I try to be practical when I redraw the floor plan.  I want to make the house better for me if/when I live there, but I also want it to be marketable when it's time to sell.  Adding closets to each bedroom of the Bungalow is an example, because most (if not all) people will expect this when they're house shopping.  A dishwasher is another example.  I can live without it, yet I'm always sure to find room for one in the kitchen because it helps the house sell.  So, when you're redrawing your layout, think of how you can make it better and what you're going to want, but be mindful of what others will want and consider the route of practicality.

The Cottage - I reworked the front roof and added some columns & headers.  This view is from the second floor Hall looking down into the Foyer.

The Hurricane House - I removed a wall and installed a header.  This view shows the dining room looking into the Living Area and the Front Door.
The Bungalow - I added a header between the Kitchen and the Living Room/Den.
The Fire House - A Cathedral ceiling was installed when I rebuilt the roof.  In addition I added columns when possible. 

Jump to The Fire House - Before, During, and After

Thursday, April 5, 2012

Step 7 - Permits

The first and most significant thing to keep in mind regarding the permitting process is that although every jurisdiction has its own rules for issuing permits, each typically share an underlying view that their way is the way.   

The first six steps I've described do not require permission from your local authorities.  However, when you start demoing walls and addressing the bigger issues, there's a good chance you'll need a permit.  I'd love to write down everything one might need to know regarding this topic (as well as the accompanying inspections and adherence to building codes), but all of this varies from place to place.  I've worked in too many municipalities to count and they're all different.  In addition, it's common for them to make adjustments and changes to how they do things periodically so I'm always prepared for anything when I walk into the local office that oversees building and construction.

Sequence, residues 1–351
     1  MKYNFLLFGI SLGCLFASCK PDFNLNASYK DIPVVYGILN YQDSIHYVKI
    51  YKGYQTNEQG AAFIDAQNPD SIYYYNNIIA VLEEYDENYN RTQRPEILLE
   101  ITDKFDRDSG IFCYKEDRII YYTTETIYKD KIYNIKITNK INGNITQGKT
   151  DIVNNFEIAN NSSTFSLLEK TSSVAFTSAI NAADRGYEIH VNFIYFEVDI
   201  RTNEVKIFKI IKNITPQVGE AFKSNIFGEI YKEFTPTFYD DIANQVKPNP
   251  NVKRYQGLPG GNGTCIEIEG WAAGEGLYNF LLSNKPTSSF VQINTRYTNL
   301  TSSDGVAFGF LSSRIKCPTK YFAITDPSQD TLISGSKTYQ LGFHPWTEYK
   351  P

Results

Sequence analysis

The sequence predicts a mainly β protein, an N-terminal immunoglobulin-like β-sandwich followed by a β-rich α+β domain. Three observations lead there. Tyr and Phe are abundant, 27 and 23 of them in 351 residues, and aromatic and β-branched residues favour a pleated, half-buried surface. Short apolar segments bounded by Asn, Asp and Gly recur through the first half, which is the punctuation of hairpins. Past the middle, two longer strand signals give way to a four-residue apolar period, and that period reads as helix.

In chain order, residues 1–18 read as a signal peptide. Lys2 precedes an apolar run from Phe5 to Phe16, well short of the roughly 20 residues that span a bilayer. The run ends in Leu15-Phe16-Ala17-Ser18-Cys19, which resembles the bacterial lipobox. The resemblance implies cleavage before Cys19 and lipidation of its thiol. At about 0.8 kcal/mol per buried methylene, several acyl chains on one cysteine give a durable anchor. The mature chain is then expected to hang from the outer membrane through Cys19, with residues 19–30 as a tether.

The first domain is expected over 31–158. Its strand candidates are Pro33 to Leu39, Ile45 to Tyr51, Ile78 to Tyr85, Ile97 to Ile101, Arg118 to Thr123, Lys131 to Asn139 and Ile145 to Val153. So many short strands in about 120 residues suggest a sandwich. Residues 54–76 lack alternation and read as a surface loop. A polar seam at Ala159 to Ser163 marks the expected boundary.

In some places, you'll have complete freedom to do what you want to your property without any outside involvement from others.  However, some parts will require that you provide them some details of your home improvement plans and pay a small fee before you receive a post-able sign and can begin work.  Some may ask for drawings while others will be satisfied with a written description.  One village or city may require that you hire a licensed General Contractor to supervise/manage your renovation project while other towns may allow you to act as your own GC if your name is on the deed.  Then, there are some areas that will expect you to make the house your home when you're finished and might even require you to sign a document pledging to live there as a resident for a stipulated time period upon completion.   

So in other words, be ready when you go in for your permits and don't be surprised if you're faced with someone on the other side of the counter who steadfastly explains, "This is how it's done" as if there's no other way.  I've experienced this on dozens of occasions and with time I've grown to understand that when this happens the clear reality is: This is how it's done there.  When I'm navigating my way through the rocky permitting and inspection waters, my goal is to receive my Certificate of Occupancy at the end of the project.  However, to reinforce my point on the inconsistencies of this process even further, not all towns or local authorities issue a C.O. after the final inspection is passed.  So when you go to get your permit, be ready for anything.

And finally, get your official authorization for improvements you know you're going to make, rather than things you might do.  If you know you need to replace some drywall, paint inside and out, and you'll also be popping in replacement windows, then pull a permit for those things.  Don't talk to the local administrators about the possibility of skylights, a new master suite with a jacuzzi tub, or other things you've considered.  Just keep it simple and when you're rock solid on additional scopes of work you'll be doing yourself, you can get the bureaucratic green light for those things then.  Bringing these things up prematurely will only cloud the issuing process and could result in you paying for permission to complete work you won't actually do.